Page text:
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John Legend highlights double standards for mothers and fathers

The Independent logo The Independent 12/06/2019 Sabrina Barr
Chrissy Teigen, John Legend posing for the camera © Provided by Independent Digital News & Media Limited

John Legend has called out the double standards mothers and fathers face when raising their children, opening up about the castigation Chrissy Teigen faced following the birth of their first child.

In April 2016, Legend and Teigen’s daughter, Luna, was born. Just over a week later, the celebrity couple went on their first date night as parents.

“People were shaming Chrissy for leaving the house, and didn’t say anything bad to me,” Legend tells Romper with regards to the evening.


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“Look, we’re both parents and we’re both going out. If you think that’s not appropriate – and first of all, you shouldn’t think that’s not appropriate – if you’re going to blame somebody, blame both of us, not just the mother.”

Legend has witnessed Teigen being shamed for her parenting methods on several occasions over the years, such as when the model engaged in public discussions about undergoing IVF and when Internet trolls questioned why her son, Miles, wore a head-shaping helmet.

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“I think it’s just a lot of these cultural traditions that have been too limiting and not inclusive enough over the years,” the singer states, adding that he hopes societal norms have started to “shed”.

Legend outlines how those who criticise mothers for their parenting methods while praising fathers for doing the bare minimum have “lowered the bar”.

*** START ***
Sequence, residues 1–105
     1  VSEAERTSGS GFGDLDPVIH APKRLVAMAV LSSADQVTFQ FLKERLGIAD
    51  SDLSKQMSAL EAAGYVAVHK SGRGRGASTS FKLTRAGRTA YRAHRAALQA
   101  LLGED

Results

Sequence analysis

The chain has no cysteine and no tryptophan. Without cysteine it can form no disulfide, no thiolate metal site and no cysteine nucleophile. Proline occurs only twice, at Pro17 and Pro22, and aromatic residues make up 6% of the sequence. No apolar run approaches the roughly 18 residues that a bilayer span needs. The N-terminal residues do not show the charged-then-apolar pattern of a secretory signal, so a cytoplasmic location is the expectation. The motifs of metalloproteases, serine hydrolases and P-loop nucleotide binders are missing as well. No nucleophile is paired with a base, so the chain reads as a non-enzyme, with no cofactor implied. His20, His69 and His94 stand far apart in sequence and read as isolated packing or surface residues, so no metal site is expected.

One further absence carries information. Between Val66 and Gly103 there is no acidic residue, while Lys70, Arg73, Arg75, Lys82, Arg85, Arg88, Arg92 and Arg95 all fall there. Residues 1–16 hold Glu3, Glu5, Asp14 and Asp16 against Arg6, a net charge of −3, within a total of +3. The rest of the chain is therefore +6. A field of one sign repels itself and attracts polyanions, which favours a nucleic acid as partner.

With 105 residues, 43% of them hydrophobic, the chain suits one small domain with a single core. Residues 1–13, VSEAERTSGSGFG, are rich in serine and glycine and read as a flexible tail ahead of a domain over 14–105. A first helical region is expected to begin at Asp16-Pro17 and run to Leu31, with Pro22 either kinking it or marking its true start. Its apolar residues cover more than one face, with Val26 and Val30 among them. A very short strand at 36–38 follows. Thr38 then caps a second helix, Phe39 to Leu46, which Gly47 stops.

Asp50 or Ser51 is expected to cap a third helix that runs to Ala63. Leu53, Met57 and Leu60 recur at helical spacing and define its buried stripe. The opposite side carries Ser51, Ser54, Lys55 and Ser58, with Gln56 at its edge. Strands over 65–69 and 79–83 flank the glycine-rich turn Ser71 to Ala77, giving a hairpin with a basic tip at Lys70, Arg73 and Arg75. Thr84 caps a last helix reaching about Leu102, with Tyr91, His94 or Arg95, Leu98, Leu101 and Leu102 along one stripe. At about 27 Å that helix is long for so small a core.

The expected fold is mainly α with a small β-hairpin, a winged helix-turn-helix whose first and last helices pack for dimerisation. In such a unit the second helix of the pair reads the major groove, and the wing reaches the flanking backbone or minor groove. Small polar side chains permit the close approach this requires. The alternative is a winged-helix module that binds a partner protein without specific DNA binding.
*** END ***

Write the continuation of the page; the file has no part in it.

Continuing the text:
“All the times when we’ve lowered the bar and have said dad is babysitting when he’s taking care of his own kids – no he’s not, he’s just parenting,” the La La Land star says.

The 40-year-old explains that these “gender norms”, where the mother is expected to take sole care of the children while the father works, are “baked into how people are having these conversations”. “I just wish people would think more about that and what that means,” Legend adds.

Another aspect of parenting that Legend has taken heed of is the assumption that fathers won’t change their babies’ nappies.


According to recent research conducted by Pampers, nine out of 10 fathers have gone into a men’s public bathroom that doesn’t have a baby changing table.

“It’s kind of assumed dads won’t change diapers, so facilities are built in a way that bakes that assumption in,” Legend says.

“And [that] then perpetuates the fact that dads won’t change diapers because they don’t even have a place to do it.”

In order to combat the lack of baby changing areas in men’s public bathrooms, Legend has partnered with Pampers and Florida father Donte Palmer to launch a new campaign, which promises to provide 5,000 baby changing tables in public bathrooms across North America by 2021.

In 2018, a photograph of Palmer changing his son’s nappy while crouching in a men’s public bathroom went viral, highlighting the need for the addition of baby changing tables in men’s bathrooms.

Legend stresses the importance of acknowledging the “active role dads are playing their babies’ lives”, stating that he believes the campaign will pave the way for “more inclusive parenting”.

MSN are empowering Women In Sport this summer. Find out more about our campaign and the charity fighting to promote the transformational and lifelong rewards of exercise for women and girls in the UK here.

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